Image sourced from Strut Safe Twitter https://twitter.com/strutsafe?lang=en
Amidst public conversations around gendered safety in light of the Nicola Bulley case, GENDER.ED asked a broader question: how do we build feminist cities? We had a special transnational conversation inviting two groups to share their ground-breaking work on gendered safety. In this blog-post, we recognise the trailblazing efforts of one of those groups—Strut Safe—a UK-wide helpline that was founded in the wake of Sarah Everard’s death in March 2021.
Strut Safe exists for people travelling alone, taking calls from anyone who needs it until they get to their destination. The service operates through a group of around 30 volunteer call handlers who are given training in-house to be a reassuring presence for people using the helpline.
When it was first founded last year, Strut Safe operated its services on foot in Edinburgh. Volunteers met people in person who needed walking to their destination safely. However, early on, founders realised that there was a huge and growing demand across the rest of the UK that meant there was no reason to limit the service to just Edinburgh; calls became more regular from other places, particularly London. In response, Strut Safe began to prioritise recruitment for call handlers who could offer support and encouragement from anywhere, to anyone, across the UK. Now, it is a phone service only, operating three nights a week, on Friday, Saturday, and Sunday, from 7pm to the early morning.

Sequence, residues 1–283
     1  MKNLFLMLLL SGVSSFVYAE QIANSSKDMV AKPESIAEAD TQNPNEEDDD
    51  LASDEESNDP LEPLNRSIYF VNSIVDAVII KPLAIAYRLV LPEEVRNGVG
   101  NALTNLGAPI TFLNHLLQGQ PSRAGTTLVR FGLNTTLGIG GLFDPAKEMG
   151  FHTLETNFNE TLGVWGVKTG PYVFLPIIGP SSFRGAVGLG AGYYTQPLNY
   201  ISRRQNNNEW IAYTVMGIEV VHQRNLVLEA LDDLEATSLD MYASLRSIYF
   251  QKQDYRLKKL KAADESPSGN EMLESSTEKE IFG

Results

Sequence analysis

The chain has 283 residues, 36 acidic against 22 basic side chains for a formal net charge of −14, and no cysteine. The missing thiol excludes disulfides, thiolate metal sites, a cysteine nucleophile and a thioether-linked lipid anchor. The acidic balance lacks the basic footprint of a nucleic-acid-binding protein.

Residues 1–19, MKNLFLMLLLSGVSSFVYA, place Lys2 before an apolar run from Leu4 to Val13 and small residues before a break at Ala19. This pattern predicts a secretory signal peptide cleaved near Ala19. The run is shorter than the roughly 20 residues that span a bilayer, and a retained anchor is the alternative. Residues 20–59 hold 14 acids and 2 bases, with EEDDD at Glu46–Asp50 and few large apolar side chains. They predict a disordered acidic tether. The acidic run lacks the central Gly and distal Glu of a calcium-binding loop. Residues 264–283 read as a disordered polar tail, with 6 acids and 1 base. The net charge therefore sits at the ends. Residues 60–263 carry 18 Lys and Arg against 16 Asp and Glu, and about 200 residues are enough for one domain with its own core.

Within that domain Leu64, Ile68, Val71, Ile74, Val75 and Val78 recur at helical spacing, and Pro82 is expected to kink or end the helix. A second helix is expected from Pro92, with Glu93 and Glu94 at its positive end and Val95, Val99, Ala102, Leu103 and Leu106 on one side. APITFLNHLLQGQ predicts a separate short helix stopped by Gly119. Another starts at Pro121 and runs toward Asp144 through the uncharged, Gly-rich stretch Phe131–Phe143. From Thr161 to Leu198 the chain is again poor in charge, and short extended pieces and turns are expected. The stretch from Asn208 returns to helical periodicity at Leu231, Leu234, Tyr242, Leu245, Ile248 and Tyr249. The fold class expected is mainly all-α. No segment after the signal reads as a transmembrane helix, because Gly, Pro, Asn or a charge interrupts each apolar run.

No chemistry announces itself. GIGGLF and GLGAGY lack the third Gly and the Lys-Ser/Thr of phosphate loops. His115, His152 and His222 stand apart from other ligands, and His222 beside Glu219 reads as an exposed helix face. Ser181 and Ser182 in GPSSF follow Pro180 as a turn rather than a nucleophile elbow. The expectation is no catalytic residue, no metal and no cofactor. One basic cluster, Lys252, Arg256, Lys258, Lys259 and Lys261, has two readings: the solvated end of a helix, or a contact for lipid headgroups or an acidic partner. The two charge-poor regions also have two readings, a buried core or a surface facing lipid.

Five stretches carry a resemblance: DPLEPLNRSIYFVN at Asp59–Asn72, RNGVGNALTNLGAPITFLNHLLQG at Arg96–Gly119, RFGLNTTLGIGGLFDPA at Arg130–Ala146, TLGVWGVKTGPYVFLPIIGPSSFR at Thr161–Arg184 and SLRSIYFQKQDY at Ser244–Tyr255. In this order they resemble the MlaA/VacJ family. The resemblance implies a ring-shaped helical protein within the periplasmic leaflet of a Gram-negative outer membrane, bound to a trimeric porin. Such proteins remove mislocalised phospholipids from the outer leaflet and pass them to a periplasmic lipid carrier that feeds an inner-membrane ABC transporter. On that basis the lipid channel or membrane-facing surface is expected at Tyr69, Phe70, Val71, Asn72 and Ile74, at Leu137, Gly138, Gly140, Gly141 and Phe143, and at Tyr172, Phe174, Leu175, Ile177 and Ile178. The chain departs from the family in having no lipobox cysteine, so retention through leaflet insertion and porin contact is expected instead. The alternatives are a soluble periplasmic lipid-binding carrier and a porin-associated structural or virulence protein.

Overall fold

For this blog post Levi, the Director of Strut Safe, spoke to our former Communication and Events Intern, Lauren Galligan, about the organisation and its role in fighting gender-based violence.
Why do you think that Strut Safe is a needed service in the world today, and what role do initiatives like this one have in fighting gender-based violence?
The past few years have proven more back-breaking for a huge number of people, as the impacts of austerity worsened and institutions chose bureaucracy over people’s health and safety. I think Strut Safe is sadly needed for a couple of key reasons: the need for effective and non-judgemental safeguarding, the greater benefits of community focused and organised work, and ineffective forms of ‘criminal justice’.
What people have tended to say to me at the end of our call, once they get their keys in the door and walk through the threshold, is how much of a difference it made for them to feel comfortable and at ease on their way back. We emphasise in our call handler training that their role is to support people’s autonomy and offer kindness and reassurance in doing so. We don’t judge people on where they’ve been or what they’ve been doing—we are simply there to listen and care for them. By doing this we are focusing on the communities of people we seek to help. By using a broad variety of skills gained from many different walks of life, we are creating an organisation that reflects who it serves.
We are incredibly mindful of how best to approach the idea of policing and criminal justice in relation to cases of gender-based violence. Countless statistics across the globe demonstrate how ineffective our patriarchal and wealth-driven legal system is in charging abusers and rapists. Innumerable people have felt judged, mistreated, ignored, and abused by the police they’ve turned to for help— and for countless people institutional transphobia, ableism, and racism severely impacts their experiences and likelihood of being helped.